Research assistant Ethan Willbrand and PhD student Benjamin Parker of the Cognitive Neuroanatomy Lab published a new study uncovering a sulcus in posterior cingulate cortex (PCC) that is absent from neuroanatomical atlases. Variability in the location and morphology of this novel sulcus, termed the inframarginal sulcus (ifrms), is predictive of individual differences in macroanatomical and microstructural features of PCC, in addition to the location of functional regions of the lateral frontoparietal network implicated in cognitive control. The findings from this study provide support for Sanides’ classic hypothesis that tertiary sulci may serve as landmarks within association cortices.
You can read the paper here: Uncovering a tripartite landmark in posterior cingulate cortex | Science Advances
A new study published by research assistant Ethan Willbrand and PhD student Willa Voorhies revealed that the presence or absence of the ventral component of the para-intermediate frontal sulcus (pimfs) is associated with reasoning performance in children. The findings from this study highlight the importance of considering individual differences in local morphology when exploring the neurodevelopmental basis of cognition.
You can read the paper here: Presence or absence of a prefrontal sulcus is linked to reasoning performance during child development | SpringerLink
Former postdoc Ariel Starr – now an Assistant Professor at U Washington - and current grad student Elena Leib have published a new study on relational thinking. We argue that this mid-level cognitive process should be considered one of the executive functions, since it has many of the same characteristics. We find that it predicts math performance over and above canonical executive functions. Congrats to Ariel and Elena!
Smriti, after being quizzed on implicit theories of intelligence and academic motivation by her Qualifying Exam Committee. Onward and upward!
On April 12-14, 2022, Professor Caroline Hoxby from Stanford came to UC Berkeley to deliver the prestigious Tanner Lectures on Human Values. Prof. Hoxby argued that early adolescence is a time when honing advanced cognitive skills is critical for future academic attainment and career opportunities. Silvia Bunge served as one of the three invited discussants, along with an economist from the University of Chicago (Prof. Erik Hurst) and a political scientist from Princeton (Prof. Jan-Werner Müller). The lectures and commentaries will be published as a book by Oxford University Press.
Lecture 1 & Discussion: The Fork in the Road: Adolescence, Education, and Economic Fatalism
Lecture 2 & Discussion: Smart Money: Educational Investments in Adolescents Earn Higher Returns
Roundtable with Commentators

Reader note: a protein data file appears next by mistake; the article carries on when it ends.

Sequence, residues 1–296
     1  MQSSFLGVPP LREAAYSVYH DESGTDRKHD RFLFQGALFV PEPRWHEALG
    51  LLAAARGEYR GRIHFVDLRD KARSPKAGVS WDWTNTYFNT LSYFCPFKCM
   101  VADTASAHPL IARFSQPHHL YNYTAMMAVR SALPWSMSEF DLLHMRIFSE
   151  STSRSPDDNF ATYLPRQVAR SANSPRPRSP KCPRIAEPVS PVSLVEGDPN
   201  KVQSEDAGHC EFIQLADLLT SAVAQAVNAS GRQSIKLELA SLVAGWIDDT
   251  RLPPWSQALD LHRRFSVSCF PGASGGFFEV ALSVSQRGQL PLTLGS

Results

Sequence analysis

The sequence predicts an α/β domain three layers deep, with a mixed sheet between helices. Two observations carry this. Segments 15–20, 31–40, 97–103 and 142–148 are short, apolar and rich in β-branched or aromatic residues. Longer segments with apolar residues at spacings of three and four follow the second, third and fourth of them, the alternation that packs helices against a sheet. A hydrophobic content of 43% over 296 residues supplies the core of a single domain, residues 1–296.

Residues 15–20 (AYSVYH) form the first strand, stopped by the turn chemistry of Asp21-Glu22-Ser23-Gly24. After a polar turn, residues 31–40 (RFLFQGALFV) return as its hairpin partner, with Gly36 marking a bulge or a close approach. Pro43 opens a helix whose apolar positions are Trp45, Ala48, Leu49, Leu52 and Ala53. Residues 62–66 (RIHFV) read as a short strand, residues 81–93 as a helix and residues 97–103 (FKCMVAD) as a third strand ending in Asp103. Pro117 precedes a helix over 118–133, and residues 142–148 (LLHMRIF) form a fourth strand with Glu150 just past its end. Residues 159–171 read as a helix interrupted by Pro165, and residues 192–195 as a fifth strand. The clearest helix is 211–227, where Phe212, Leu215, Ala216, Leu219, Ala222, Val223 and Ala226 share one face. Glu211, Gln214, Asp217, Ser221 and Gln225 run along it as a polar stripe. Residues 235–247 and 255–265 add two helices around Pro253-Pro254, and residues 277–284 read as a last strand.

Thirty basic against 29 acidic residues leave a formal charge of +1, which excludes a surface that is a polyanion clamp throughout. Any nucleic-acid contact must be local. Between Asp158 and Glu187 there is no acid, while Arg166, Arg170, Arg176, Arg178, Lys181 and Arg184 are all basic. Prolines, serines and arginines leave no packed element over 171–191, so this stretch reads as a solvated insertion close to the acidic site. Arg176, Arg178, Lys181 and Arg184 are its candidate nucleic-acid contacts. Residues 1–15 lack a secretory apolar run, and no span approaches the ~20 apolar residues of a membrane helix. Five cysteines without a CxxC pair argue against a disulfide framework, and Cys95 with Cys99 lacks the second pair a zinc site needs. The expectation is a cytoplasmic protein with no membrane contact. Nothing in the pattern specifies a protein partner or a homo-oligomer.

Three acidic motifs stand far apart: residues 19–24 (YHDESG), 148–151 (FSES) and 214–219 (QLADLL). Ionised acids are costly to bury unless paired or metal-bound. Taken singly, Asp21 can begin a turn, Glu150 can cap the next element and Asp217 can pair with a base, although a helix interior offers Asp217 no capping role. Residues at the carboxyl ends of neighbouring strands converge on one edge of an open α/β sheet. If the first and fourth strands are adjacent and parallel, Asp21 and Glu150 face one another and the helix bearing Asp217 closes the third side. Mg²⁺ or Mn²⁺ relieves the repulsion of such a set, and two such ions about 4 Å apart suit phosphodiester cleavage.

A paper led by graduate student Monica Ellwood-Lowe, in collaboration with collaborator Susan Whitfield-Gabrieli, received the 2021 Top 25 Social Sciences and Human Behaviour Articles distinction from Nature Human Behaviour.
The paper found that a pattern of brain function that is adaptive for children above poverty–and well-replicated in the literature–does not seem to be adaptive for children living in poverty, who have been less represented in our studies. This suggests that children in poverty who perform well on cognitive tests might be relying on different day-to-day thought-patterns than their higher-income peers who perform well, perhaps to deal with different structural barriers to success.
You can read the paper here: https://www.nature.com/articles/s41467-021-27336-y
Ph.D. Student, Monica Ellwood-Lowe, and Research Assistant, Carolyn Irving, recently published a paper entitled “Exploring neural correlates of behavioral and academic resilience among children in poverty.” Monica and Carolyn examined how LFPN-DMN between network coupling is related to children’s school grades and attention problems over ages 9-13. They found that for children living above the poverty line, higher LFPN-DMN connectivity was associated with worse grades and attentional problems, while children living below the poverty line showed the opposite relationship.
Exploring neural correlates of behavioral and academic resilience among children in poverty
Ph.D. Student Willa Voorhies recently published a preprint on the tertiary sulcal development in children and their impact on individual differences in reasoning skills. Willa investigated how the depth of tertiary sulci in the Lateral Prefrontal cortex impacts the efficiency of local neural signals, finding that it improves these signals which underly cognitive skills. The depth of tertiary sulci is able to predict individual differences in reasoning skills beyond predictions from age.
Cognitive insights from evolutionarily new brain structures in prefrontal cortex
Willa’s Flux Talk
Ph.D. student Monica Ellwood-Lowe recently published a preprint entitled “What is an adaptive pattern of brain activity for a child? It depends on their environment.” This new research found that while children living above the federal poverty line tend to have better cognitive performance when having weaker connectivity between lateral frontoparietal and default mode networks, children who live in poverty show a trend in the opposite direction. Monica gave a presentation on this research at Flux in September and hopes this research will help inform further research on what it means to have optimal brain activity in many realms beyond the traditional classroom.
Monica’s Flux Talk
Professor Silvia Bunge recently received a grant in collaboration with Christa Watson and Marilu Gorno Tempini of UCSF’s Schwab Dyslexia and Cognitive Diversity Center. Their work will investigate how the different cognitive patterns in children with dyslexia can be adaptive and beneficial despite their difficulty with written language. This research will hopefully be able to serve as a way to eliminate stigma surrounding dyslexia and reframe the difficulties and skill sets among children with dyslexia.